The Green Space Plan includes a whole series of measures designed to change this. Numerous small actions are planned: expanding a green space here, planting new trees there, opening up old streams cemented under the street pavement, or new strips of green along the banks of the Eisack. Natural interventions at dozens of points, like ecological acupuncture, aimed at revitalizing the city’s gray skin and creating green and blue infrastructure. A 16-hectare site behind the train station, unused since 2010, offers similar possibilities. Closed off to us by a high fence, it will be part of a future project. The Bolzano train station is supposed to be relocated and open land reclaimed for densification, but until this actually happens (the project is controversial) Margherita has hopes for interim solutions that build on and develop the “splendid biodiversity” of this area, which has been essentially untouched for a decade.

We need trees, trees, trees. Natural surfaces cool residential areas and reduce air pollution and noise. But when it gets warm, people prefer to go to the green countryside, to the inns and their balconies decorated with flowering geraniums, rather than worry about climate change.

Esther March of the Office for LAND Use Planning

At a street cafe, we meet up with Esther March of the Office for Land Use Planning, who along with others fiercely fought for the Masterplan that LAND developed. Certainly, there had been a “participatory process” in developing the plan, with input from associations, stakeholders, and the citizenry, but public interest had been disappointingly low. And a day like today, with hot summer temperatures despite it being early October, shows that the city will continue to become overheated. “We need trees, trees, trees.” Natural surfaces cool residential areas and reduce air pollution and noise. But when it gets warm, people prefer to go to the green countryside, to the inns and their balconies decorated with flowering geraniums, rather than worry about climate change. On the other hand, a climate protection alliance of over 60 civil society organizations has set itself the goal of raising awareness among politicians and the public. Anyone out and about in Bolzano swings back and forth between conflict and hope.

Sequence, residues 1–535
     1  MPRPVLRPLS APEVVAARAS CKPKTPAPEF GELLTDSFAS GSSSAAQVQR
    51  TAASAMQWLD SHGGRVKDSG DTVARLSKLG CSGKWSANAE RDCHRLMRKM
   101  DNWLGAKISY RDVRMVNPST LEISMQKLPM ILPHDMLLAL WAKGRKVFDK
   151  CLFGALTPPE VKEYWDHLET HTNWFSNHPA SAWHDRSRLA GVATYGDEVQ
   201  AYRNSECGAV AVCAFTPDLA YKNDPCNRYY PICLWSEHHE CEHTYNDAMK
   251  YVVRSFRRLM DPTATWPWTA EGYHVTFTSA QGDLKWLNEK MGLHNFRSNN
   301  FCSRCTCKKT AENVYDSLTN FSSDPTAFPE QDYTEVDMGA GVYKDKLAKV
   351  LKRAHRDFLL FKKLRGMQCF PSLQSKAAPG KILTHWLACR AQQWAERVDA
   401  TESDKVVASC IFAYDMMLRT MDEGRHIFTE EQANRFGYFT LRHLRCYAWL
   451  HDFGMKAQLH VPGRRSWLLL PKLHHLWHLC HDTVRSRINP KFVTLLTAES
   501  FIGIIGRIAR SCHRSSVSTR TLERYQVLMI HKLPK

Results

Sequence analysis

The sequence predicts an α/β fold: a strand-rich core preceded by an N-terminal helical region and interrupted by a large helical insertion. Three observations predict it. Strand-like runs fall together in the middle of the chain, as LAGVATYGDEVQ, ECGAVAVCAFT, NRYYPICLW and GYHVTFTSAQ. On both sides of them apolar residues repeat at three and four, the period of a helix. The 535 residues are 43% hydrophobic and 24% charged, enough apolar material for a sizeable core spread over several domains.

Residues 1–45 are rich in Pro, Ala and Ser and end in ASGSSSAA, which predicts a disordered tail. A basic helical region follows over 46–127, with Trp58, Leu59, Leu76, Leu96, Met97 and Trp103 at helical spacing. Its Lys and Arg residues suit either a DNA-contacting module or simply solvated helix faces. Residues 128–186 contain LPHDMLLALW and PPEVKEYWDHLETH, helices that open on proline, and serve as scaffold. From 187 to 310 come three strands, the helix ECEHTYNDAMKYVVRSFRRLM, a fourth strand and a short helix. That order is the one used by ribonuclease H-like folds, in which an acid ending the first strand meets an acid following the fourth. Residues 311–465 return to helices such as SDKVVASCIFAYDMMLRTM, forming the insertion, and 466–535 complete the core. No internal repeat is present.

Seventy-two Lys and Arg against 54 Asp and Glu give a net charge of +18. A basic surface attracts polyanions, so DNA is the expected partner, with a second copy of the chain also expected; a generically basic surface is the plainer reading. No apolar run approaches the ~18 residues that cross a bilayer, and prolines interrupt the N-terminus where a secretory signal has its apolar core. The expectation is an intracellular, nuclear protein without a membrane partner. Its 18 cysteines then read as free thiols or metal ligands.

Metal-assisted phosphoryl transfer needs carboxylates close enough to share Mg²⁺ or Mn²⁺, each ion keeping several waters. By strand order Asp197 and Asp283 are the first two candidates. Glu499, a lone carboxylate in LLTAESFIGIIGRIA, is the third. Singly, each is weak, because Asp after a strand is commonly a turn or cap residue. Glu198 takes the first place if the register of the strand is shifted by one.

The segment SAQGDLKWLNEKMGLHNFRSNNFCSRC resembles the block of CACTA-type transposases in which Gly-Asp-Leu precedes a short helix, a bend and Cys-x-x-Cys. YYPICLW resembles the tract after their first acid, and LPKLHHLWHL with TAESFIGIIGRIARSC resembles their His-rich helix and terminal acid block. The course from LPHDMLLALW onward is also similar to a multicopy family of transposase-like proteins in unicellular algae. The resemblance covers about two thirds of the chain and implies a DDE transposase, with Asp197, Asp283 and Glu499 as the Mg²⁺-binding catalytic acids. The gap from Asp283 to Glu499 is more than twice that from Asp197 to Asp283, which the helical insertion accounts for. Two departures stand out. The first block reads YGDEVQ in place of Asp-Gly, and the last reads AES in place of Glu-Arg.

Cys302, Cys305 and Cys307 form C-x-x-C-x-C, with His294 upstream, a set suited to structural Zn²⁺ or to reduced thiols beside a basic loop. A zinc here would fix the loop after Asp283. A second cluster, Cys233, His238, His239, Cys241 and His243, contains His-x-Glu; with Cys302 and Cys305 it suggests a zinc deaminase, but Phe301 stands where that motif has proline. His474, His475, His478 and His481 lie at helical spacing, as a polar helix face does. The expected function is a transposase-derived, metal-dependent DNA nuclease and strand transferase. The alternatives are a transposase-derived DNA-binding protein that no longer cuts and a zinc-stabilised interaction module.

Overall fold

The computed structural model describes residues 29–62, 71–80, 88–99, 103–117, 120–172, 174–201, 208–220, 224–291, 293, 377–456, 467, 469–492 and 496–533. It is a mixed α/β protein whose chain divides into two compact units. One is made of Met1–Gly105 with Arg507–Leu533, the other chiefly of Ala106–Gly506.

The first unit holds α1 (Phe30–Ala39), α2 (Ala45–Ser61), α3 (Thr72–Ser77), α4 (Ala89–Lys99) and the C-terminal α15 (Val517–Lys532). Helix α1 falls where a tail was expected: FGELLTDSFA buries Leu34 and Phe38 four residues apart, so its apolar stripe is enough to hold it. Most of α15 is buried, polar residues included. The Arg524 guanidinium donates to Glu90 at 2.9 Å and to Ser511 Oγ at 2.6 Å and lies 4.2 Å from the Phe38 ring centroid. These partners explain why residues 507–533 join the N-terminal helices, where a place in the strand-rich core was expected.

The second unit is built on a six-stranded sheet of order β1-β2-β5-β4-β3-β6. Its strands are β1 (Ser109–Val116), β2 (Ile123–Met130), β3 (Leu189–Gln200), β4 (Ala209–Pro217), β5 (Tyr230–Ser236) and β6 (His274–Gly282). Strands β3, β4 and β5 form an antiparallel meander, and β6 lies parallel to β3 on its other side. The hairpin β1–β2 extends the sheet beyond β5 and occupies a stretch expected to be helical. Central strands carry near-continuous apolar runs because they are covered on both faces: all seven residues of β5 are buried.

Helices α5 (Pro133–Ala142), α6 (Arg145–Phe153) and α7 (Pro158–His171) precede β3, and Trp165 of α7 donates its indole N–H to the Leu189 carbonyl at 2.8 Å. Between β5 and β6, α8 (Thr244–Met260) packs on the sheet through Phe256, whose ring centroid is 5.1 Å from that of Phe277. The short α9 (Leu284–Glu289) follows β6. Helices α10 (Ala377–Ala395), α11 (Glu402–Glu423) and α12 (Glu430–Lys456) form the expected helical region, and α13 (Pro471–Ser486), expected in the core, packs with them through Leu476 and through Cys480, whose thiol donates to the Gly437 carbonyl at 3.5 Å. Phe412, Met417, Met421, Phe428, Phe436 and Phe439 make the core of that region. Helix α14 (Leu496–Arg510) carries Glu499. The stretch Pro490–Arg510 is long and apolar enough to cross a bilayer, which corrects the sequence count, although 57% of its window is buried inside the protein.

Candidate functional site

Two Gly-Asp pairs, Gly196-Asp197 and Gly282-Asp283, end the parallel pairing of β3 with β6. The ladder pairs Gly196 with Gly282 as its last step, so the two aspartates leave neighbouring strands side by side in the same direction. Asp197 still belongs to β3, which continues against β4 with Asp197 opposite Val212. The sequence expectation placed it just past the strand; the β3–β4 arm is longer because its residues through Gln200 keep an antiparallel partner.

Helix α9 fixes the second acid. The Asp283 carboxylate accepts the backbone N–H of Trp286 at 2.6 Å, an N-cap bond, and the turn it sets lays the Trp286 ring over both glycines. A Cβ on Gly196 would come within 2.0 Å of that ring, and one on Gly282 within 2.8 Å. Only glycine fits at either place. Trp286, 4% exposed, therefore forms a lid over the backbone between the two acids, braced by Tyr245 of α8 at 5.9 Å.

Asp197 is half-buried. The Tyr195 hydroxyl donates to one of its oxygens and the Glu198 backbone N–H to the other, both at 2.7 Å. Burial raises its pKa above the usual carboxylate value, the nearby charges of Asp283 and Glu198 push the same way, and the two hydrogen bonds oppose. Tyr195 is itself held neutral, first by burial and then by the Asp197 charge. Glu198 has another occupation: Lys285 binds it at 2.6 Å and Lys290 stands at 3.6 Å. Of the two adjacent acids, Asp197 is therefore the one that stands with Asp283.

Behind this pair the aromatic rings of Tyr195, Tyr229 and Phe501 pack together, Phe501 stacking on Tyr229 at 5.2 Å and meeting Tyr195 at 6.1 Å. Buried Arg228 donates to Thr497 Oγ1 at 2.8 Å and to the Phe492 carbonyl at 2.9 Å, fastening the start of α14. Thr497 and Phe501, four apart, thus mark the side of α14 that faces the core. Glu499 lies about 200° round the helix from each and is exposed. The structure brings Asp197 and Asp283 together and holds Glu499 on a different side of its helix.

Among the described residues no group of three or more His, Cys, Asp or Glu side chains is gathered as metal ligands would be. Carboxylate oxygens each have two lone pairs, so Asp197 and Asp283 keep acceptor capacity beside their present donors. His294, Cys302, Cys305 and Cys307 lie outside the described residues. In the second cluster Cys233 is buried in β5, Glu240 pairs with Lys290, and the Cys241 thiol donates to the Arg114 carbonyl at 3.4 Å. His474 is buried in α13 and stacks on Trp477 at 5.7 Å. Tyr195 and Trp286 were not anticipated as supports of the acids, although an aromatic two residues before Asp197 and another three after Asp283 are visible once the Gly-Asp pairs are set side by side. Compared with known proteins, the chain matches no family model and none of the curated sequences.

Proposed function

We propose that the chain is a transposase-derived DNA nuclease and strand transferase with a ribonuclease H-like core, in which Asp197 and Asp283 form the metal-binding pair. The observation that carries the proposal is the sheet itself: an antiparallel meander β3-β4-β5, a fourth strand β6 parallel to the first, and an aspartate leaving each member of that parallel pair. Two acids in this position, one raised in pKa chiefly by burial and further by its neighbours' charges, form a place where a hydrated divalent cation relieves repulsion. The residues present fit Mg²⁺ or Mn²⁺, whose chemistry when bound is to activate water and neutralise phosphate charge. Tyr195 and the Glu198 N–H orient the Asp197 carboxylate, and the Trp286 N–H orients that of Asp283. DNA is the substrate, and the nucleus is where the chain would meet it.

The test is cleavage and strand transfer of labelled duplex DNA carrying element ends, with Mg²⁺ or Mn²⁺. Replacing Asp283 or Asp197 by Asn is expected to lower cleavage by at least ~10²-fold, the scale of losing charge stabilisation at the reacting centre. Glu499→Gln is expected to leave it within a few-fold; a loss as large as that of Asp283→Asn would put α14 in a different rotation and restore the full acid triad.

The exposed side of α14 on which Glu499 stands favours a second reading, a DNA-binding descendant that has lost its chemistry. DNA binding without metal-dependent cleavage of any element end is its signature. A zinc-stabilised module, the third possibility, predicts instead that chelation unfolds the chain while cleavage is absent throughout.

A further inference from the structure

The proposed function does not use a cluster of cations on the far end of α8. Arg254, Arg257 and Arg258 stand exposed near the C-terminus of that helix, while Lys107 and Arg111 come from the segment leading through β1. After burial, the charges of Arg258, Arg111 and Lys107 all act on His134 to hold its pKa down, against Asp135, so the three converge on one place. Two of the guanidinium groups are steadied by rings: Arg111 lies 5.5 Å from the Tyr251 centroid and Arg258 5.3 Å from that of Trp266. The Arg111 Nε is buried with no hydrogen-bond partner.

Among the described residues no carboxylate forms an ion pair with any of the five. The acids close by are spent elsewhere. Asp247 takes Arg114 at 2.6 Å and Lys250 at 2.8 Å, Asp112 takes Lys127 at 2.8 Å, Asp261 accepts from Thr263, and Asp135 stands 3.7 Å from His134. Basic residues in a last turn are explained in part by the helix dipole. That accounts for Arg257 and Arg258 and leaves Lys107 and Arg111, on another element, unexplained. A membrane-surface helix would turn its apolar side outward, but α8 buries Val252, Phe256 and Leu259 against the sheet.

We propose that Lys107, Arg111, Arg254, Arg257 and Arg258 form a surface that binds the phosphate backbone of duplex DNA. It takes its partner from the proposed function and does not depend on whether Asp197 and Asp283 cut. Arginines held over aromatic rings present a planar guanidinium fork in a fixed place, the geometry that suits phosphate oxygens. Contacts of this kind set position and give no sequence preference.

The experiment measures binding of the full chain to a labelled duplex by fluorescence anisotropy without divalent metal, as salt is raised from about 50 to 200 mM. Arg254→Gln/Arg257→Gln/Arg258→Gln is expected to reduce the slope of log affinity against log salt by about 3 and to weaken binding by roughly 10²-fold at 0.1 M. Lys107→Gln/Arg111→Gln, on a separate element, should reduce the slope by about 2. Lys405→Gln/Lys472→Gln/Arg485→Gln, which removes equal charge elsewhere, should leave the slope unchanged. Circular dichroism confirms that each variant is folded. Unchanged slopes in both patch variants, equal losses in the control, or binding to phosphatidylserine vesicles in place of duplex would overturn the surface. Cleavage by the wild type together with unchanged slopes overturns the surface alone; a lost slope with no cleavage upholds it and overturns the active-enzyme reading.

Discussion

Chiara explains, for example, how much effort it took to convince the administration and citizens to embrace sustainable use of the overgrown former Sigmundskron landfill on the south bank of the Adige River.

One of Chiara’s favorite projects can be found on the Virgl, Bolzano‘s wooded local mountain on the other side of the Eisack River. The brothers Philipp and Peter Rier, amiable planners and landscape architects who work together with LAND, take us up there on an adventuresome road trip. Investors, showing an appetite for speculation, are thinking about developing “exclusive” luxury tourism around the ruins of a hotel building. In contrast, there are plans to develop Virgl mountain as an urban recreation area. One of its pathways would also use the planned Ring Promenade, a 33-km pedestrian path around the city that would develop along both existing paths and those slated for expansion. Chiara is enthusiastic about the project, which would create a network of agricultural areas, urban spaces, forested regions, and places of cultural interest. A circular trail “that would also create an experiential framework for all other projects in the urban space.”

Chiara and Margherita unanimously agree that it’s ultimately a matter of shifting the citizenry’s focus from outward green to inward green – “Because green, that is Nature, is not just something decorative, but rather a fundamental need.”

Text: Henning Klüver